After last week's instalment eased off the action a little to build things up for the road ahead, episode thirty of Fullmetal Alchemist: Brotherhood continues this trend in a sense, shifting our viewpoint mostly to the past rather than the present or future via a number of flashbacks.
However, before you let out an audible groan at my use of the word "flashback", I have to be quick to say that the ground covered here is all relatively important to the bigger picture, and also astutely delivered (as has been the case with this series almost from the very start). First up, we get a glimpse of a very young Roy Mustang as he begins his career as a State Alchemist, despite the disapproval of his tutor, one Professor Hawkeye. So we learn of the beginning of the bonds which tie Mustang and Riza Hawkeye, while there's more than a subtle suggestion that there is more to Hawkeye and her father than first meets the eye.
From here, the lion's share of this episode deals with a more detailed treatment of the "Ishbal Annihilation" (a better term for it than a war, truth be told), showing the likes of Hughes, Mustang and Hawkeye as they begin to realise the enormity of what they're doing to the Ishbalan people, while we're also spared nothing in this show's depiction of the atrocities which took place there. Quite simply, it's a fantastically dark and brooding piece of work than manages to convey the needless bloodshed and violence without ever glorifying it, while simultaneously portraying the mental toll upon some State Alchemists with a simple change in facial expression and the like. It's expertly done stuff, and this is how all flashbacks in anime should be.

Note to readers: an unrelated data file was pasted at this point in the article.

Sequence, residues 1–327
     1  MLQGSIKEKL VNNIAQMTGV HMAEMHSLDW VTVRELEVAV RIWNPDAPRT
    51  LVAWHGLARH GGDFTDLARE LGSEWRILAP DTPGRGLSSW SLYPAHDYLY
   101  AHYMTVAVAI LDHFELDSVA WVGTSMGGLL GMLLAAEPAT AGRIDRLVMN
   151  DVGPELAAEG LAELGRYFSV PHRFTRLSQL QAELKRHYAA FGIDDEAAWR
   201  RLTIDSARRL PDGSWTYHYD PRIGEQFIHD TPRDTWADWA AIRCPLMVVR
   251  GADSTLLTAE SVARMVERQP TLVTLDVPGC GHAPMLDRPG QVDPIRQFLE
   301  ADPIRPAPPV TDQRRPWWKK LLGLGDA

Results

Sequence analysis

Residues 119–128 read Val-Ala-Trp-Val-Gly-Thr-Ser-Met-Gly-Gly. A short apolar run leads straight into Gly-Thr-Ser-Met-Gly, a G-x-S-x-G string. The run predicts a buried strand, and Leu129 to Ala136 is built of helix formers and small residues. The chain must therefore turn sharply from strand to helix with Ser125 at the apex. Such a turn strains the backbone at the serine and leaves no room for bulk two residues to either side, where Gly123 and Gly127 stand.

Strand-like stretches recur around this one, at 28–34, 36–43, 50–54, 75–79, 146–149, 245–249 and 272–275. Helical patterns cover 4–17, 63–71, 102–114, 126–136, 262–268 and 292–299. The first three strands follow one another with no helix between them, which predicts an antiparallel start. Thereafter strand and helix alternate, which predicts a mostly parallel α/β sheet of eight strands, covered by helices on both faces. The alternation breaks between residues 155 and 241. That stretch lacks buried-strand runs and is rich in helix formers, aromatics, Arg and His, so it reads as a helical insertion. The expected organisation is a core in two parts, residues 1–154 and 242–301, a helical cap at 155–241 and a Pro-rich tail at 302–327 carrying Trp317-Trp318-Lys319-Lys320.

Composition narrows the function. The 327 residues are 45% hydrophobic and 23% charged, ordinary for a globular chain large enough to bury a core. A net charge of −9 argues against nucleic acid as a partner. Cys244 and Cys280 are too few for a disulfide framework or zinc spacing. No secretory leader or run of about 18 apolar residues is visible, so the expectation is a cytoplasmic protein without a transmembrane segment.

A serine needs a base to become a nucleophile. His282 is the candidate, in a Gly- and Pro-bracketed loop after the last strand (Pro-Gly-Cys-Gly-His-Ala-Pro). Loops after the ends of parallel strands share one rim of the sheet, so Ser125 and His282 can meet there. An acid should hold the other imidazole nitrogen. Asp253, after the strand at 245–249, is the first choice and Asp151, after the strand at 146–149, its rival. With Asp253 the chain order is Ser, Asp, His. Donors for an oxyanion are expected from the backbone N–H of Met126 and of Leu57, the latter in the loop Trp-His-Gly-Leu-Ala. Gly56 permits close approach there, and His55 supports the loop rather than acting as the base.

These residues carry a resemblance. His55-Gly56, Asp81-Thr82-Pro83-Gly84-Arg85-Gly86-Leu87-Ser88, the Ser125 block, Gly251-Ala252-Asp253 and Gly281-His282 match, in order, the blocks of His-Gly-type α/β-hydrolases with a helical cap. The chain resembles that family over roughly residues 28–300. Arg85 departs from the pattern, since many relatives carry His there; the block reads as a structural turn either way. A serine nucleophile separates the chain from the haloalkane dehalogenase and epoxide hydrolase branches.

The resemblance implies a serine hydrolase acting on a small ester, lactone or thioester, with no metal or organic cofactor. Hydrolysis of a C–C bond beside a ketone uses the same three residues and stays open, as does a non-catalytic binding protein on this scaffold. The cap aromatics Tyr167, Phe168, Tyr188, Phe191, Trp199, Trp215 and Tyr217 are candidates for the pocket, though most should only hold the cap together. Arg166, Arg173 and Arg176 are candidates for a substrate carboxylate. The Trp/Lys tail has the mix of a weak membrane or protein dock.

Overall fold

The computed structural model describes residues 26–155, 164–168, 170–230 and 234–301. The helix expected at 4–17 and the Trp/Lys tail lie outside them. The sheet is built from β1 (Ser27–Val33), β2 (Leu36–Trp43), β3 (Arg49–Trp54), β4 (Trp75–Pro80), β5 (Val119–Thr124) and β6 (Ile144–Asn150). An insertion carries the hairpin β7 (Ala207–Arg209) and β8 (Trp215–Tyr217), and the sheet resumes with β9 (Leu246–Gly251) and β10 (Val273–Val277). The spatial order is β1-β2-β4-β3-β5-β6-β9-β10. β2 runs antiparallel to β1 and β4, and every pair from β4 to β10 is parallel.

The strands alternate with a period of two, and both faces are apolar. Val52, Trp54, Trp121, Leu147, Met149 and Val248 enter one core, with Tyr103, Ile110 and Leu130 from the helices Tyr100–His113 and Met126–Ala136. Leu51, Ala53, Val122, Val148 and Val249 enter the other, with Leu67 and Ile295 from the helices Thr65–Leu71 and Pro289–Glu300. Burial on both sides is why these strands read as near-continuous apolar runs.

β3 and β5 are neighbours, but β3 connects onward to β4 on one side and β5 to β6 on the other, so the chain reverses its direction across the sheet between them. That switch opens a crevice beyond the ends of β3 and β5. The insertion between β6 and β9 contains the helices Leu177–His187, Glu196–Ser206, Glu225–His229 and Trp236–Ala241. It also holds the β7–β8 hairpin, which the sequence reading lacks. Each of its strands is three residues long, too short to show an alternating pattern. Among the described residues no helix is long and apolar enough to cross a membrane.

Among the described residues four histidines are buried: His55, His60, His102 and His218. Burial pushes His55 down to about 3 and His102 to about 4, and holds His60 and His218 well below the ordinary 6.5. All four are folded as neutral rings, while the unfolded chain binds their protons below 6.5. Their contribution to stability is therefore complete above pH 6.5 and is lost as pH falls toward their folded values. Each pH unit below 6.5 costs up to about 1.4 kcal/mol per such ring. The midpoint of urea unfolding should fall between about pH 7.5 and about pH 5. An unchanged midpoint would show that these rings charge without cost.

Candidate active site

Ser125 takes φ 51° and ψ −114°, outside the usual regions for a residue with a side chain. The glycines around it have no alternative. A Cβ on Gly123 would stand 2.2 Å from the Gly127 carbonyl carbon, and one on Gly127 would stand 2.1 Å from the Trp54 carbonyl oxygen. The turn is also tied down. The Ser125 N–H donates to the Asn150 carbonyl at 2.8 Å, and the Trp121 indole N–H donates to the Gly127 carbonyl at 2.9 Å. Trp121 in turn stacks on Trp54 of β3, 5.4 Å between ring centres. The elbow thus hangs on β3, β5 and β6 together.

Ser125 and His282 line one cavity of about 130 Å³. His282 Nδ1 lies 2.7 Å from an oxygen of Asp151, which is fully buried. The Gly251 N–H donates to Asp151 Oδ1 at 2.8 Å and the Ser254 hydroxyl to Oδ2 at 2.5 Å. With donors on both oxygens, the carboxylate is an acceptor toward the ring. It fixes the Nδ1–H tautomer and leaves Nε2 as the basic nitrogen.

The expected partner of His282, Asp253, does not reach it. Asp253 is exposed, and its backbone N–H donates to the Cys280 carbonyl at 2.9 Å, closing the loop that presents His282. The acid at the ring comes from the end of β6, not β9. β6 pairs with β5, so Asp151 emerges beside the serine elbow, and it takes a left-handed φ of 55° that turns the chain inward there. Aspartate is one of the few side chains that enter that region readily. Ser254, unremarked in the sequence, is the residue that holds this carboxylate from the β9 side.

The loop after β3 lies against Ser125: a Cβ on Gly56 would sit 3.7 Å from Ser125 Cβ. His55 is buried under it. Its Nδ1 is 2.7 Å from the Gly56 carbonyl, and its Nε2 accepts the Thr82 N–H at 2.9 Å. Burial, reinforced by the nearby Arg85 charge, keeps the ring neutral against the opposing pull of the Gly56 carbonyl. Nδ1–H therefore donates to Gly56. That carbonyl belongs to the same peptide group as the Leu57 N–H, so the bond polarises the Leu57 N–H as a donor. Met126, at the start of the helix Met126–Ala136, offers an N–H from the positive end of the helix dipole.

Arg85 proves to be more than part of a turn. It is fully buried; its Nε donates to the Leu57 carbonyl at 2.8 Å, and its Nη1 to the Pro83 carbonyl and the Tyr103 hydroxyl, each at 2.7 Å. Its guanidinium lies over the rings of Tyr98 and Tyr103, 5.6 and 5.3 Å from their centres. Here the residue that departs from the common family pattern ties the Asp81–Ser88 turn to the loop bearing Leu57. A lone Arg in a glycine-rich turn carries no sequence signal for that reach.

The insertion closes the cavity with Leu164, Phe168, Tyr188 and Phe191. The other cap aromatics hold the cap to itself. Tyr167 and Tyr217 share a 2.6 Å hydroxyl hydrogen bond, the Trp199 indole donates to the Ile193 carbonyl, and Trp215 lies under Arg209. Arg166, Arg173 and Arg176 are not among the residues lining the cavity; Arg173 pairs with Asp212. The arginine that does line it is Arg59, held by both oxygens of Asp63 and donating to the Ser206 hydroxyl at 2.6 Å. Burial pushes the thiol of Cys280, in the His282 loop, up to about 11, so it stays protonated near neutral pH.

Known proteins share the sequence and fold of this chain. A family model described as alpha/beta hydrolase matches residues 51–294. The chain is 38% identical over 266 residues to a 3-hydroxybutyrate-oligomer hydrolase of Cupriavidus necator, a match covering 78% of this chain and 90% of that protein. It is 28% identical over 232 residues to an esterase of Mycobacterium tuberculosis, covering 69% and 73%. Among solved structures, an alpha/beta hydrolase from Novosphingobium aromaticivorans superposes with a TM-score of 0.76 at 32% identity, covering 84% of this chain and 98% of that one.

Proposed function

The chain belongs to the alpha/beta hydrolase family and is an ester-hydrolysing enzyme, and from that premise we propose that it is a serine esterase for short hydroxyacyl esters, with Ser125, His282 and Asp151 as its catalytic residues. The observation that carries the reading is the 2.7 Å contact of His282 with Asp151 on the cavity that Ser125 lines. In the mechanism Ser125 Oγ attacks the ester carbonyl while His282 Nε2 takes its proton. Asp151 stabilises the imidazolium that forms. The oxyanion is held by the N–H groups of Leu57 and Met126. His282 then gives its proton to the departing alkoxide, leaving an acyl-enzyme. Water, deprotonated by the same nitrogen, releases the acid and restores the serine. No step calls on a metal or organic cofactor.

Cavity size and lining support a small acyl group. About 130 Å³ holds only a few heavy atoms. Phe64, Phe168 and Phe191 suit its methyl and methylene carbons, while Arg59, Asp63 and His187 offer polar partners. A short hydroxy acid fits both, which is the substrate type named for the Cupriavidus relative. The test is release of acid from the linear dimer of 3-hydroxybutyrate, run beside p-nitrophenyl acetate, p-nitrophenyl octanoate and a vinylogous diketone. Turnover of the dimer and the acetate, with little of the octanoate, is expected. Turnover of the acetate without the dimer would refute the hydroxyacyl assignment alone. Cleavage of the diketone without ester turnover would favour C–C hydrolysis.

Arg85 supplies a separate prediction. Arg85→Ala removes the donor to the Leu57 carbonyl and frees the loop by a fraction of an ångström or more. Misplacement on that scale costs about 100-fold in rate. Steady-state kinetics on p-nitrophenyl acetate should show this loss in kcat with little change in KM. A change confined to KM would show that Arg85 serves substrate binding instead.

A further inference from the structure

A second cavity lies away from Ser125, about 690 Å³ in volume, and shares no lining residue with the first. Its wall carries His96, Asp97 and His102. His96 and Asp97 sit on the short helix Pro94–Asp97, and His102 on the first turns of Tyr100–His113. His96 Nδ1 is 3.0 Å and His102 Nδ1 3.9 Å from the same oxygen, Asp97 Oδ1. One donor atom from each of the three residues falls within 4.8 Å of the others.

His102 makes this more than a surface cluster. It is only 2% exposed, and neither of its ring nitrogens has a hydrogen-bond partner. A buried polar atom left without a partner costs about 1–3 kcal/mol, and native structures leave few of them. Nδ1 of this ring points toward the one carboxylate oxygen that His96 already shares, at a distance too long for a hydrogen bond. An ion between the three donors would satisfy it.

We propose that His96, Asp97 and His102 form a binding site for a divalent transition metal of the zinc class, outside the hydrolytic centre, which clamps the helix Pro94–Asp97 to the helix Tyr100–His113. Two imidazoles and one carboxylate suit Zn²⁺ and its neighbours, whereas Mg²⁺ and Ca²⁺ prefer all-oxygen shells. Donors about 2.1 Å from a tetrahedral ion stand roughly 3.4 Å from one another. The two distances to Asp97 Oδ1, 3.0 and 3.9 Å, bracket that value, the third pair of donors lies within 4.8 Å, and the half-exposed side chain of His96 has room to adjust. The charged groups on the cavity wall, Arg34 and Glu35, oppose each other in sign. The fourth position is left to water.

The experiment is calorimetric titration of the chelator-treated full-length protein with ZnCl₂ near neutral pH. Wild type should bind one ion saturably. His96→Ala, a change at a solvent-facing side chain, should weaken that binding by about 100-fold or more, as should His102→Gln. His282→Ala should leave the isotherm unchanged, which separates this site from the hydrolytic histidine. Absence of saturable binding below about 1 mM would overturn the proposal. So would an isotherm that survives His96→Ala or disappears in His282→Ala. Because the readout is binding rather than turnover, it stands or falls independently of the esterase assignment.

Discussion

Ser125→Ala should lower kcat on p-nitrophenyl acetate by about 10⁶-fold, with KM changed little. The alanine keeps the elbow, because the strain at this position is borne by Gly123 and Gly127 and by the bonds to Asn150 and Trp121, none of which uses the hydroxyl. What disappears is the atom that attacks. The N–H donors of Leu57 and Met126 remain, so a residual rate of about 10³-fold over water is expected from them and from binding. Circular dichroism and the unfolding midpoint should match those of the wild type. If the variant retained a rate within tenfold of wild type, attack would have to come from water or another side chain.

While much of this story comes from the mouth of Riza Hawkeye in conversation with Edward Elric, so Scar is also regaled with Dr. Marcoh's version of events, which yields more information about the use of Ishbalans to create the first Philosopher's Stone; a confession which leaves Envy with an unpleasant discovery come the end of the episode.
As so often seems to be the case with Fullmetal Alchemist: Brotherhood these days, it's hard to put into words quite how good this episode is - You simply have to watch it to gain the full effect. Even in an instalment such as this which could arguably be skipped without missing out on too much in the way of vital plot progression, it remains utterly compelling as an example of stroy telling via animation at its best - Brutal when it needs to be, but never needlessly so, and with a near effortless emotional depth thanks to decent dialogue served up by well-rounded characters. As ever, this series is going from strength to strength at present.